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Opinions Tue, 2 Jun 2009

GIA-Which way forward??

There have been quite a number of articles written on Ghana International Airlines (GIA) and the present state that it finds itself in. For some reason, we as a country seem to be at our wits end unable to figure out which direction GIA should go and how to turn it into a viable company. The truth of the matter is if we decide to approach its management with the same old ‘Ghanaian mentality’ of doing things, we can be sure GIA would remain on the ‘tarmac’ On the other hand if we realize that we need to change our approach and attitude to management and chart a different course then hopefully in the next decade GIA may well become the centerpiece of our nationhood that it once was. There is always the need to study the past in order to understand the present and plan for the future. The national carrier has had a rather chequered history since its establishment.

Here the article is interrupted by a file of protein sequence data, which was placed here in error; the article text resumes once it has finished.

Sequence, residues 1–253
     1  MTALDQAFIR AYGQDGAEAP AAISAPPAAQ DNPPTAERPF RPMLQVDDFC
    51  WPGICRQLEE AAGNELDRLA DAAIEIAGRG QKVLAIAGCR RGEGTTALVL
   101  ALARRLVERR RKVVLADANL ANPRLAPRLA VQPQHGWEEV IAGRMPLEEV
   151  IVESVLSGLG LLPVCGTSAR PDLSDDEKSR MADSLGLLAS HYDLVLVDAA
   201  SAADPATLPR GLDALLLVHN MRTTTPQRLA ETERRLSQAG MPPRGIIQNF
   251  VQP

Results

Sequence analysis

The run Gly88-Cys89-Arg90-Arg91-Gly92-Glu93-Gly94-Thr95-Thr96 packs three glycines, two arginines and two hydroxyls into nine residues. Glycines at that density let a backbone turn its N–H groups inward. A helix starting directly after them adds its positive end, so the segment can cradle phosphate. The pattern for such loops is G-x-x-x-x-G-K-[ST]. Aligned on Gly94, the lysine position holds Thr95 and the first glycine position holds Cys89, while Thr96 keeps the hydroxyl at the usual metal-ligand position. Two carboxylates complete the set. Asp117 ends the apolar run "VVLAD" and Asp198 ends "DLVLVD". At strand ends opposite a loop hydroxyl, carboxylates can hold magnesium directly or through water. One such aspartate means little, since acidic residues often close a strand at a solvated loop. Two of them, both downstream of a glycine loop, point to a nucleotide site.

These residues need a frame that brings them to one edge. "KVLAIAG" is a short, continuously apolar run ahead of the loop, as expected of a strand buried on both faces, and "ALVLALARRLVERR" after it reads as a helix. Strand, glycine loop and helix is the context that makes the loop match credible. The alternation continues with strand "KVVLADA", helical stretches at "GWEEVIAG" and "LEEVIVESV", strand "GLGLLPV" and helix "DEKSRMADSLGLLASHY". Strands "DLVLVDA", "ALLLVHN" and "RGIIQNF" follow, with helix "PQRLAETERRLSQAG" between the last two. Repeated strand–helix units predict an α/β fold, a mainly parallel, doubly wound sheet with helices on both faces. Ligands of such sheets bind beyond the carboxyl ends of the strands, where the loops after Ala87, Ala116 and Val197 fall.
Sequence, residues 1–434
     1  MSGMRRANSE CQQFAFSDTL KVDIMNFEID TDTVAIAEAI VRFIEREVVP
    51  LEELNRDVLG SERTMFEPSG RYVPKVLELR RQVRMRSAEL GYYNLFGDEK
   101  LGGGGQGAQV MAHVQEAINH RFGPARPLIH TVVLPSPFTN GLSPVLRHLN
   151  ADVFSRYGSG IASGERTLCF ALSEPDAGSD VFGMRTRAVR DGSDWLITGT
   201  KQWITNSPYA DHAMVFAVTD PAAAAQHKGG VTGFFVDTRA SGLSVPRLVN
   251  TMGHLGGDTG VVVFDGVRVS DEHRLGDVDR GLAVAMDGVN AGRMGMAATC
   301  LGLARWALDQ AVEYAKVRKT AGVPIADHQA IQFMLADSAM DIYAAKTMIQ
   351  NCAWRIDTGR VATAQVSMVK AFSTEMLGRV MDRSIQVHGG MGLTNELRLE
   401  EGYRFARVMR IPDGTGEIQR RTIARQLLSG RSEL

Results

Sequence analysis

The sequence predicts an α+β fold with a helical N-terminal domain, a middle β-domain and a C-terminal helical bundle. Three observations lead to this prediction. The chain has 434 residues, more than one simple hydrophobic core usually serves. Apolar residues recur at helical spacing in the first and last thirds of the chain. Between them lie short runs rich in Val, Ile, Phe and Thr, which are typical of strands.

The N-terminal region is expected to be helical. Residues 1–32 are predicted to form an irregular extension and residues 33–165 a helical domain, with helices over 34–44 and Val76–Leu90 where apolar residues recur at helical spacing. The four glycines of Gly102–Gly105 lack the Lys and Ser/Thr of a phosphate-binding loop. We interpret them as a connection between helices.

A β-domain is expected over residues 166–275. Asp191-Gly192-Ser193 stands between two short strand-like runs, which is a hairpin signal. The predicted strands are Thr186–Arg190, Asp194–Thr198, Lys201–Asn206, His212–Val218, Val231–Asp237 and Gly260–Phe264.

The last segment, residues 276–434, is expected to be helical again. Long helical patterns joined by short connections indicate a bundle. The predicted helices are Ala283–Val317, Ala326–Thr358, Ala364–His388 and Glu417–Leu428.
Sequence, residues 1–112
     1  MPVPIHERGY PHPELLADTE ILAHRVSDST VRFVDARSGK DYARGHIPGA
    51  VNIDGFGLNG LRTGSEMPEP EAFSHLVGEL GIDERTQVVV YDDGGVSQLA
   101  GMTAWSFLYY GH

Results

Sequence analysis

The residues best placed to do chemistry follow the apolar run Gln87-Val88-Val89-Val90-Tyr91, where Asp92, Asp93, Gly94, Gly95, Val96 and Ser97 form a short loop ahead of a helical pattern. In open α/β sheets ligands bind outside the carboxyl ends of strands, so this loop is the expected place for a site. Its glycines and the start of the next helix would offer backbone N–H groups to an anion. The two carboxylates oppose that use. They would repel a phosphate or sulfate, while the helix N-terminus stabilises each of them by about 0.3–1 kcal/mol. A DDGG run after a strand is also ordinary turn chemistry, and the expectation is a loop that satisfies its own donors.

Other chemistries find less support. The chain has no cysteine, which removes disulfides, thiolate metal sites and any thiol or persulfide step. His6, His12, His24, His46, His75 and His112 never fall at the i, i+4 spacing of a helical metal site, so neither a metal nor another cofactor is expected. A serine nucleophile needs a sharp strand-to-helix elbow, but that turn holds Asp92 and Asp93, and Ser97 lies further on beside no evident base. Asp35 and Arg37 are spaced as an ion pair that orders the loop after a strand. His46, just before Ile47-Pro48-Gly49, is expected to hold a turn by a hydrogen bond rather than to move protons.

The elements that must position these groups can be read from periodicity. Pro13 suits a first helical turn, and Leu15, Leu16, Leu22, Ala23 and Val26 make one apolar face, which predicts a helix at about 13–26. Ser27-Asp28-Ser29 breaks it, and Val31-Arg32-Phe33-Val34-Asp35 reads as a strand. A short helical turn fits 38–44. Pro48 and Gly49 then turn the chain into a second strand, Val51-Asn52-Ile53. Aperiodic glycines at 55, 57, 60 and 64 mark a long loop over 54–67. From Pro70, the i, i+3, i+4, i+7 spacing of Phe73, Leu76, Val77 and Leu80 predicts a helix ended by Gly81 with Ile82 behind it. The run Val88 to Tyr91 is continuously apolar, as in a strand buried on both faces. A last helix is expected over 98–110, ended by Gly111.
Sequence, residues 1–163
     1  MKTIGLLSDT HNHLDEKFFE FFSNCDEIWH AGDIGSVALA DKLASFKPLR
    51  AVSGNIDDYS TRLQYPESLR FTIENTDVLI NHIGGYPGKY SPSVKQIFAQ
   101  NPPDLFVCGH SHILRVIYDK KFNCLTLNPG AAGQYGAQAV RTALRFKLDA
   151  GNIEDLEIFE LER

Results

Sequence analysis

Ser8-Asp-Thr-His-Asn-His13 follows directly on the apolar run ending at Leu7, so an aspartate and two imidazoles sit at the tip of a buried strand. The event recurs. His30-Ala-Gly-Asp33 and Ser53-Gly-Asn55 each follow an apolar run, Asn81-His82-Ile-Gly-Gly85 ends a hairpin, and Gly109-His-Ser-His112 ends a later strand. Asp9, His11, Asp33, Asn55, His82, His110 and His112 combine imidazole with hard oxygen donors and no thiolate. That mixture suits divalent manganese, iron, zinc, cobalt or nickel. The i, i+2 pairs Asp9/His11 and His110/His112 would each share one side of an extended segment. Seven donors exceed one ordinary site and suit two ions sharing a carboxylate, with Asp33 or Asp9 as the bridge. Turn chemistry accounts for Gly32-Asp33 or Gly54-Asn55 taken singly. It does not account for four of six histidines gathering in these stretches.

It is reported that the ‘Osagyefo’ used to order flights with no passengers on board just to show the rest of the world that we, as Africans, could fly. Never mind whether it made sense economically or not. So with such a ‘rich’ history is it any wonder that subsequent managements (Ghanaian) over the years decided to treat the airline like a ‘fat cow’ that never runs out of milk?-Free tickets for employees and their families; bonuses upon bonuses for employees even in the face of nonperformance and mismanagement. Nobody cared whether these practices were sustainable or not. We all sat down and watched as these practices went on. And like any business built on such a model, the end was inevitable. It all came crashing down and what a heavy fall that was. And just like Ghanaians, we all suddenly became airline experts. Everybody had the perfect plan to salvage the collapsed airline, Ghana Airways. The NDC had the opportunity to overhaul the ‘system’ but its interventions fell short. Finally the then new government of the NPP decided to tackle the problem head-on. Among the number of proposals put forward was one by PriceWaterhouse Coopers (PWC). Personally, I believed that proposal from PWC was the best out of the lot. The government of Ghana was going to pay PWC a rather princely amount of money and in exchange have PWC manage and run the national airline for a number of years. PWC hoped to turn around the fortunes of the airline, by which time management reverts to the government. But before anybody could say jack, contents of the proposal had leaked to the media and all hell broke loose. I remember a particular journalist boasting on radio how he ‘intercepted’ the documents between the offices of PWC (then at the Gulf House) and the Castle. What was the noise about??? Oh, the money involved in the contract was too much. How could the government give so much money to PWC just to manage Ghana Airways? Are there not competent and qualified Ghanaians out there who could turn the company around? (Forget that it was the same ‘competent and qualified’ Ghanaians who had ran the company aground in the first place). On and on and on, it went. Instead of the government standing its ground and finding better ways of explaining to ordinary Ghanaians why it was necessary to take such a measure, they capitulated and that marked the end of the deal. I bet, that to the NPP, they were just being the ‘listening’ government they had promised to be. That argument does not hold water as far as I am concerned, but who am I anyway?-Just a proud Ghanaian who wants to see his country succeed!! That was one big disappointment if ever there was one. Where did that leave us? Well here we are with GIA that seems incapable of getting off the ground. I would say ‘ayekoo’ to that journalist who spearheaded the campaign against PWC. He knows who he is. I believe he is proud of himself now, and I want to believe also that he flies GIA anytime he travels!! What hypocrisy!!! In Ghana we are not ready to pay for a viable national airline, but we have no problem paying huge amounts of money to expatriates to coach our national football team. Apparently, a football team is more important than an airline. We would gladly dish out bonuses to footballers for winning one match but we cannot pay our medical staff to work in the rural areas. We would even promise winning bonuses to these players even before they kick the ball, and that’s also fine but our teachers can shout themselves hoarse about improved conditions of service and nobody cares. This is Ghana; we have our own unique set of priorities!! Well, maybe we believe we can always travel by Air Morrocco or South African Airways or some other airline but we cannot pay the Hawks of Togo to play in our stead. Priorities? What priorities??